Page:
Finally, a Reason Why You Forget What You Were Doing When You Walk Into a New Room

Doorway effect

Ever walked into a room ready to accomplish something, only to completely blank on what you were just about to do? Same. Turns out it’s an actual psychological event and brain function called the ‘doorway effect’. The term refers to an instance when a person’s memory declines when passing through a doorway.

“We experience the world as a continuous flow of information,” says Gabriel Radvansky, PhD, one of the researchers of a University of Notre Dame study, published in the Quarterly Journal of Experimental Psychology in 2011, which looked into ‘doorway effect’.

Radvansky explained to US publication Well + Good that we mentally break up the experience into smaller meaningful events referred to as ‘mental event models’. When we move from one event to another, we’re doing a mental process called ‘event updating’. With that, we’re removing information relevant from the prior event and starting to focus our attention on the new event.

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In other words, walking through a doorway is a good time to purge your event models because whatever happened in the old room is likely to become less relevant now that you’re in a new room.

“The doorway effect occurs because we change both the physical and mental environments, moving to a different room and thinking about different things,” writes psychologist Tom Stafford for the BBC. “That hastily thought up goal, which was probably only one plate among the many we’re trying to spin, gets forgotten when the context changes.”

Dr. Radvansky gives Well + Good the example of moving from your bedroom to the kitchen to get a glass of water, which can often lead to you forgetting the task as soon as you walk into the kitchen. In this case, the bedroom is one event model, while the kitchen is another.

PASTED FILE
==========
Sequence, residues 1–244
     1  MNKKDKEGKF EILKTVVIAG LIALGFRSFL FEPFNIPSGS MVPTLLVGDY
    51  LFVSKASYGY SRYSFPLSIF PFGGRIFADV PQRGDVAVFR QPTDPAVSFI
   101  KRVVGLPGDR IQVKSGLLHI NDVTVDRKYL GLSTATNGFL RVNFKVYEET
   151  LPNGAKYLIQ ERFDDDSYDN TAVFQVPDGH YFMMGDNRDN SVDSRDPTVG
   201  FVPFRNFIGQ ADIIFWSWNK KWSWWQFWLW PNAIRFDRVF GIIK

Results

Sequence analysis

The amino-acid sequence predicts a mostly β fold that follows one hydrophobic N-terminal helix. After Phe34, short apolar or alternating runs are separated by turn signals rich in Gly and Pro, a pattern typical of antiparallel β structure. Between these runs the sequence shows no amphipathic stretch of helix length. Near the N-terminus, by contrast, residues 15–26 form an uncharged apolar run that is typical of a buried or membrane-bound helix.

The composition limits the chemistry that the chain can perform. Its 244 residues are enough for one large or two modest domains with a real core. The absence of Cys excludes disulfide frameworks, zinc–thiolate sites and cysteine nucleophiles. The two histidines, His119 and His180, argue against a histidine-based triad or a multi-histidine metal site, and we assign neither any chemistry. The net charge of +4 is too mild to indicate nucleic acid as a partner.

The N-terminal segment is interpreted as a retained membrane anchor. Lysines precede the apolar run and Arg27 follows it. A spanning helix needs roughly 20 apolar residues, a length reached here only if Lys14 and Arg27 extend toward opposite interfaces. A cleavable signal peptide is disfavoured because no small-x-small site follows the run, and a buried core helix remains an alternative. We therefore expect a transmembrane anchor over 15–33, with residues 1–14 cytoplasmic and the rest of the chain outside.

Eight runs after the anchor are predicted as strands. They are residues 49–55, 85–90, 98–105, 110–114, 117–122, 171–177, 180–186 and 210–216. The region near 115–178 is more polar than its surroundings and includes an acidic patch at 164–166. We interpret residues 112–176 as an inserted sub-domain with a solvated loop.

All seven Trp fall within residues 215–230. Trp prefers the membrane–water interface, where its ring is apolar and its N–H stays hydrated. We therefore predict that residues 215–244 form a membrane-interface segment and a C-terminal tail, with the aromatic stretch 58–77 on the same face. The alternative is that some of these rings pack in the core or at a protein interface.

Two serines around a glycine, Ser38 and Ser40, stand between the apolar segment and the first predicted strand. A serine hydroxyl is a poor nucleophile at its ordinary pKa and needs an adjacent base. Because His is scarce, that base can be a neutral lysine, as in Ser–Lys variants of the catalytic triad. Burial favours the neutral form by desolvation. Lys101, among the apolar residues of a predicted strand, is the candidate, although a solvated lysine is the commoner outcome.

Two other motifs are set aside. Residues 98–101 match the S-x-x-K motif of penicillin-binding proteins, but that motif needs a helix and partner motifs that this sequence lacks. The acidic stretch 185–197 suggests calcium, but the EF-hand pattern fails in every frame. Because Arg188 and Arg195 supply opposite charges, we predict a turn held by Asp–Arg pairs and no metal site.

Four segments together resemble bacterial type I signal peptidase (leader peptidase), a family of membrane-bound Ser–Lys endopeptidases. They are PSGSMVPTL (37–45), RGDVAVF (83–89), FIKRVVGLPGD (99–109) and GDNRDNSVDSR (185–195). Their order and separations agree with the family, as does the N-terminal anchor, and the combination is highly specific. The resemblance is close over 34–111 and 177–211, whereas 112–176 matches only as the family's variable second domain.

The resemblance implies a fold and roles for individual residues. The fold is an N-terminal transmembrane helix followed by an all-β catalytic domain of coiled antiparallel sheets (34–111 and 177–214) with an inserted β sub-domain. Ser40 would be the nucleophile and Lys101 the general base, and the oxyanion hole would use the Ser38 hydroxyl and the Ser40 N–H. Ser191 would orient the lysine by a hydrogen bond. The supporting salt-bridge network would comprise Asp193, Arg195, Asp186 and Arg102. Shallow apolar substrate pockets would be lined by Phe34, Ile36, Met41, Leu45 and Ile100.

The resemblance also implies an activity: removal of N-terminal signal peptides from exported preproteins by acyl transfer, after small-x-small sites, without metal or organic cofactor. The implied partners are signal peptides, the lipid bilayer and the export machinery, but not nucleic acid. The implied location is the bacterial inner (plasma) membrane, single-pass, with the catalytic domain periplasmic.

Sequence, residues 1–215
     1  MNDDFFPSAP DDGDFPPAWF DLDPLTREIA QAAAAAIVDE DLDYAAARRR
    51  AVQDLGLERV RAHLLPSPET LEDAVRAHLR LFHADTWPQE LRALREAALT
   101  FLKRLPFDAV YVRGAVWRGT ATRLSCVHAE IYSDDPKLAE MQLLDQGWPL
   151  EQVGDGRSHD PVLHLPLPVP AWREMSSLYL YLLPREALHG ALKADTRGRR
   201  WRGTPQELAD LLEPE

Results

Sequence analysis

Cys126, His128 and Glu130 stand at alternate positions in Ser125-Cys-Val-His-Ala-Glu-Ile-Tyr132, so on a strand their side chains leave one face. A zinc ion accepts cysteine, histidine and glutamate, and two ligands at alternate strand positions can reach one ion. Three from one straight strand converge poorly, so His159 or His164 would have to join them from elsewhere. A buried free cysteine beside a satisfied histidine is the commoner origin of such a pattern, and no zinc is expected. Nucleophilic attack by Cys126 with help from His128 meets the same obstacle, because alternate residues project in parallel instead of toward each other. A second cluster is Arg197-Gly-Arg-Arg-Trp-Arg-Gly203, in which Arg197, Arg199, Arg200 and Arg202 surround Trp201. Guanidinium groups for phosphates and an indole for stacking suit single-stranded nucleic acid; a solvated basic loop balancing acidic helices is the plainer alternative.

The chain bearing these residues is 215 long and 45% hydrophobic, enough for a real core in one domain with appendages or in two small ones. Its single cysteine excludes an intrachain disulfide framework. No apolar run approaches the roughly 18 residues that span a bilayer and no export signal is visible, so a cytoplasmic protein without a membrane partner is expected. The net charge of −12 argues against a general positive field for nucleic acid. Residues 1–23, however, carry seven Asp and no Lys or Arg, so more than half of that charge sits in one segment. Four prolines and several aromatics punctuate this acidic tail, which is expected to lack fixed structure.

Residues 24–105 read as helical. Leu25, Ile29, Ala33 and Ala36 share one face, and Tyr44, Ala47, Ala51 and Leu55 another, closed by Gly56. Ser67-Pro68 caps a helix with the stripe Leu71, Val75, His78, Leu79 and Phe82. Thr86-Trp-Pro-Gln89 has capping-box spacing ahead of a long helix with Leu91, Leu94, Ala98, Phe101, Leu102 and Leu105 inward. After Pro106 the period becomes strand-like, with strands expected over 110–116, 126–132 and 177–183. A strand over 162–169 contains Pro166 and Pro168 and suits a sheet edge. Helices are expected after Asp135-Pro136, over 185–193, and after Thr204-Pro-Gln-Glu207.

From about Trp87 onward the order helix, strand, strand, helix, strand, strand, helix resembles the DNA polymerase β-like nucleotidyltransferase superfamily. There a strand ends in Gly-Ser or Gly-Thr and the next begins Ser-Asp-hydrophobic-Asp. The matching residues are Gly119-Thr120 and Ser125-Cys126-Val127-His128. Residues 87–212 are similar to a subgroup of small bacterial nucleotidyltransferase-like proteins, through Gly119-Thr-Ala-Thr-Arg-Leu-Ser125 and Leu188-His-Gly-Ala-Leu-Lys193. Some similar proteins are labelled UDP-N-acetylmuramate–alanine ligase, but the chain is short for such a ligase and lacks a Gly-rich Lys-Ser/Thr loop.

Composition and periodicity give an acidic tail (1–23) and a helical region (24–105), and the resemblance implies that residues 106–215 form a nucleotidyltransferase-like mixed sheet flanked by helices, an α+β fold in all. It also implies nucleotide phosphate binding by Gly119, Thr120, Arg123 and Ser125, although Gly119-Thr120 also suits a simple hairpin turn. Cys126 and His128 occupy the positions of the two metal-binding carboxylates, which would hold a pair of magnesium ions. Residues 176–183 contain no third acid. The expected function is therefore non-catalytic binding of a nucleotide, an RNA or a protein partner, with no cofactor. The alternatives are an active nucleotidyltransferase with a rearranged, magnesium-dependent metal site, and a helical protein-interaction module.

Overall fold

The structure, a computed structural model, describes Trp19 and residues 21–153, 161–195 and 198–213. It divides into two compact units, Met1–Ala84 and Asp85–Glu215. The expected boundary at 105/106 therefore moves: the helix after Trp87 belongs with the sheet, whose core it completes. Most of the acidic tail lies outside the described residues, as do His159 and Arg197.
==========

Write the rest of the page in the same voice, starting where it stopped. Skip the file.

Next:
“Because these models contain the same elements, they may compete with one another during memory retrieval, causing some mental competition, leading to some forgetting, even though both memories are pointing toward the same information,” Dr. Radvansky says.

Radvansky also labels the action of passing through to the new room as an event boundary. Examples of other event boundaries include switching computer windows or changing spatial locations.

While the doorway effect can be frustrating, it’s actually a sign your brain is working as it should. If it weren’t doing this, it would continue to think about and attend to things that aren’t relevant to the current situation.

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“We can’t keep everything ready-to-hand, and most of the time the system functions beautifully. It’s the failures of the system — and data from the lab — that give us a completely new idea of how the system works,” write Charles B. Brenner and Jeffrey M. Zacks in Scientific American.

If you do really want to figure out what you were meant to do in the room or new computer window, Dr. Radvansksy says one of the best things you can do is to go back to the room where you originally established your goal or learned something.

“There may be something in that original location that can serve as a memory cue to help you retrieve the knowledge of what it was that you were supposed to remember in the first place,” he says.

Another thing you can try is simply thinking about where you were before or what you were doing as that’ll help you remember.

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